Definition of Alzheimers
Alzheimers disease is a progressive disorder that attacks the brains neurons, or its nerve cells. The damage that this degenerative disorder does results in the loss of memory and language skills, and it is also the most common cause of dementia or the loss of intellectual function among people over the age of 65. Alzheimers disease is not a normal part of aging, but is a destructive condition that causes intense deterioration in the brain and leads to personality and behavioral changes along with severe and crippling dementia.
The origin of Alzheimers disease comes from the German physician Dr. Alois Alzheimer, who first recognized a case of the condition in 1906 from a 51 year old woman. After her autopsy was performed it was revealed that she had plaques and tangles in her brain that today are the defining characteristics of an Alzheimers disease diagnosis. The plaques in the brain are actually clumps of protein fragments and other cellular material. These items actually form outside and around the neurons and begin to damage these neurons so severely that the brain is no longer able to function in the way it was designed to. There are also neurofibrillary tangles that are present in the brain with Alzheimers disease. These tangles feature twisted fibers that build up inside the nerve cells.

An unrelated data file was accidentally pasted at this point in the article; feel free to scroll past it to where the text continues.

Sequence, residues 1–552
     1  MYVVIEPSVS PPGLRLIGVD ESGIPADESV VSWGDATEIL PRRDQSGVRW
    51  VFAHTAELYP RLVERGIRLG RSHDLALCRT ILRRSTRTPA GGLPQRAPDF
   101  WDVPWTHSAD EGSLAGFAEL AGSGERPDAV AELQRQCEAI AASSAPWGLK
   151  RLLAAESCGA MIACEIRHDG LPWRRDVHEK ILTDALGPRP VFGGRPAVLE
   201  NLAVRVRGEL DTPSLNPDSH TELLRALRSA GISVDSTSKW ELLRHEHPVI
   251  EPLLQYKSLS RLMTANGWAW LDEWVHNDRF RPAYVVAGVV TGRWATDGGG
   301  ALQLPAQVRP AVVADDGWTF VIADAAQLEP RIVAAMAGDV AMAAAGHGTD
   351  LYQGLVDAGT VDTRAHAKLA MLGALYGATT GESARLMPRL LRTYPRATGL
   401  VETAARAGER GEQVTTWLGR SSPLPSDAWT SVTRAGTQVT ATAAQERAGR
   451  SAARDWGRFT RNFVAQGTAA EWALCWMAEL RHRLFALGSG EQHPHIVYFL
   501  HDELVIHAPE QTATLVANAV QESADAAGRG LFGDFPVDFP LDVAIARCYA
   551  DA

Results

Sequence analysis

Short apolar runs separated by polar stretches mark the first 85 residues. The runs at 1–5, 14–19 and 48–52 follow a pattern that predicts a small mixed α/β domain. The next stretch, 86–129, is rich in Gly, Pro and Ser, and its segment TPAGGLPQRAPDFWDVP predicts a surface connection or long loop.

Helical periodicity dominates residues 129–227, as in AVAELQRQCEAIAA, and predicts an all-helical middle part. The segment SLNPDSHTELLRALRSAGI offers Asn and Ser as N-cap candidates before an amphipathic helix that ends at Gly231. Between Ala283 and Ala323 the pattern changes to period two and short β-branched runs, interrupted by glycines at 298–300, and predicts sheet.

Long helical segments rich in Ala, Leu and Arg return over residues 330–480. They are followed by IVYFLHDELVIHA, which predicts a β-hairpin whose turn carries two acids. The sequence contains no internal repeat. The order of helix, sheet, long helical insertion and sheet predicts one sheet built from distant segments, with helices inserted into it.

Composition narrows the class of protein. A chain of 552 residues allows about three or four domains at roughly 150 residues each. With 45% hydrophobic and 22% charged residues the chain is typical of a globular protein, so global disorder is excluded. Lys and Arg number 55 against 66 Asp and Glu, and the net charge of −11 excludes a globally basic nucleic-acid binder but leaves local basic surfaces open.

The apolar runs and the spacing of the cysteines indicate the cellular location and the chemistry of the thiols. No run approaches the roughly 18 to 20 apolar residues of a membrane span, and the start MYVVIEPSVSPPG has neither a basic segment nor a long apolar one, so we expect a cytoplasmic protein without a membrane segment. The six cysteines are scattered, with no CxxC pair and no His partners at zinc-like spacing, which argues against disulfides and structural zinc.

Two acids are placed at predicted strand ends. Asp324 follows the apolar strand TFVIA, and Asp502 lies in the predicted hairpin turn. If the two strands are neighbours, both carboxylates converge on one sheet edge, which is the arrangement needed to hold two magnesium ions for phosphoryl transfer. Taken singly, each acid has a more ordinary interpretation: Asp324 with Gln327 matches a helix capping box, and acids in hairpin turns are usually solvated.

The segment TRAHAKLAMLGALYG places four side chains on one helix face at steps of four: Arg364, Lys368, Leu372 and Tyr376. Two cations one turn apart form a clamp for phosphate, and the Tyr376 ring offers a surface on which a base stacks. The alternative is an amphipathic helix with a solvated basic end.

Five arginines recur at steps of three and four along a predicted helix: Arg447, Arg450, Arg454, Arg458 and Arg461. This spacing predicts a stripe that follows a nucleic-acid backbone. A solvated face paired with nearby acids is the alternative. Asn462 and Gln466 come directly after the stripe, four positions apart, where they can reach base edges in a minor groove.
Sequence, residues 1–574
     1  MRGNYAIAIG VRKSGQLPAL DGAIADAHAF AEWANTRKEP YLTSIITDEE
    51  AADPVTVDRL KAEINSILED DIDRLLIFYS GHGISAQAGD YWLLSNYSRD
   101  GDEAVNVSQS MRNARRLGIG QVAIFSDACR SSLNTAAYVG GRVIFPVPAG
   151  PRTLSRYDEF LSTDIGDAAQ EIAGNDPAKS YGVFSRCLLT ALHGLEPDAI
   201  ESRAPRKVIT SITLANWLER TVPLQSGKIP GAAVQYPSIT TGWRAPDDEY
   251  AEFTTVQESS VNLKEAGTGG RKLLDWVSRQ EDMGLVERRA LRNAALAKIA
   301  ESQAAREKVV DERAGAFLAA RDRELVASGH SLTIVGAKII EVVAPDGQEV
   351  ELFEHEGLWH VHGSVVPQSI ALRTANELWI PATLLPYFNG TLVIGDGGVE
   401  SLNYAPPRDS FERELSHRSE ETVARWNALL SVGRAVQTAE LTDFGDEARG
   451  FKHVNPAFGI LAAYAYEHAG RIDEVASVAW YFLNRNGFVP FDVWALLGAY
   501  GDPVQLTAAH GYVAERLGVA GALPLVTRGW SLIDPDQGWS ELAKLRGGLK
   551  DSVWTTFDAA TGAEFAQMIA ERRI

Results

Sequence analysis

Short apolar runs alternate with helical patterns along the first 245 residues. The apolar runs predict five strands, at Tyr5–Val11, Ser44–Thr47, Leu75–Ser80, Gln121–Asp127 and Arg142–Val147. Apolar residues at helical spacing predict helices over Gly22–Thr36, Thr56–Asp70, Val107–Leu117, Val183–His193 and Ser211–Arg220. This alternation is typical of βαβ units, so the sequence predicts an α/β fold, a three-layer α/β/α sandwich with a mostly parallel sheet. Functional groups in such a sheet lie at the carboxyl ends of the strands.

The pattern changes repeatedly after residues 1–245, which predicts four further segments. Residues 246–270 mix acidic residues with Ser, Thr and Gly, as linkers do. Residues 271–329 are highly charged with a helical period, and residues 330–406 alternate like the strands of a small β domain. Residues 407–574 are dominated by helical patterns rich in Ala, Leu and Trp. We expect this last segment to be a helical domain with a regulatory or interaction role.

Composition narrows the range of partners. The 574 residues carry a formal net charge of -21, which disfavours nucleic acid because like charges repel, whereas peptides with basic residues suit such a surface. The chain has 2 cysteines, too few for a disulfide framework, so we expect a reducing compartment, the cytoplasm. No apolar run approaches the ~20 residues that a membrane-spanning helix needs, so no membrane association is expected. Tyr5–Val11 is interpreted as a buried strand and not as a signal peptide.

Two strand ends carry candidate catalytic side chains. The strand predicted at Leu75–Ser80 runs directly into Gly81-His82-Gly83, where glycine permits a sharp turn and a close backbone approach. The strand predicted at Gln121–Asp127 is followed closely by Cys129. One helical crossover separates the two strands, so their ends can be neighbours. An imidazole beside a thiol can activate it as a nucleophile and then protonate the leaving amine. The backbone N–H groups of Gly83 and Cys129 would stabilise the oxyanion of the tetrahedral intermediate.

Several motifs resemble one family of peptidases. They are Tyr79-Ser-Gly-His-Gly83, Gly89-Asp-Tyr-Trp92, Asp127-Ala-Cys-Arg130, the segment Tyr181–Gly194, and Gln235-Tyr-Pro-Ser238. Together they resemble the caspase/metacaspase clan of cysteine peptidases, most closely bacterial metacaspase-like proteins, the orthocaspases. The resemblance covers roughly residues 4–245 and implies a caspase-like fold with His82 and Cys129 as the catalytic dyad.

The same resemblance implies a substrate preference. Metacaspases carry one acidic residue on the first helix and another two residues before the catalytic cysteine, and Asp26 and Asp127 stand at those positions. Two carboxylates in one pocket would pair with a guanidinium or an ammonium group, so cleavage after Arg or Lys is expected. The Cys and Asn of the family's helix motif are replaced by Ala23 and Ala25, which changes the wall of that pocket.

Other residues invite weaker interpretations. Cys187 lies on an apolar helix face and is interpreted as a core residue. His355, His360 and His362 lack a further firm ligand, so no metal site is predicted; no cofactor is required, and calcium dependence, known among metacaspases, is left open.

Seeing both plaques and tangles in the brain in an autopsy is the only real way to officially diagnose an individual with Alzheimers disease. However, medical experts are still unsure if these plaques and tangles cause Alzheimers disease or if they are simply a byproduct of the condition. When the neurons in the brain are damaged from these plaques and tangles, serious difficulties begin to form and the neurotransmitters in the brain start to deteriorate and eventually die. Slowly different cognitive difficulties start to form in the patients brain as these neurotransmitters begin to fail which is when issues with short and long term memory, language skills and more begin to present themselves.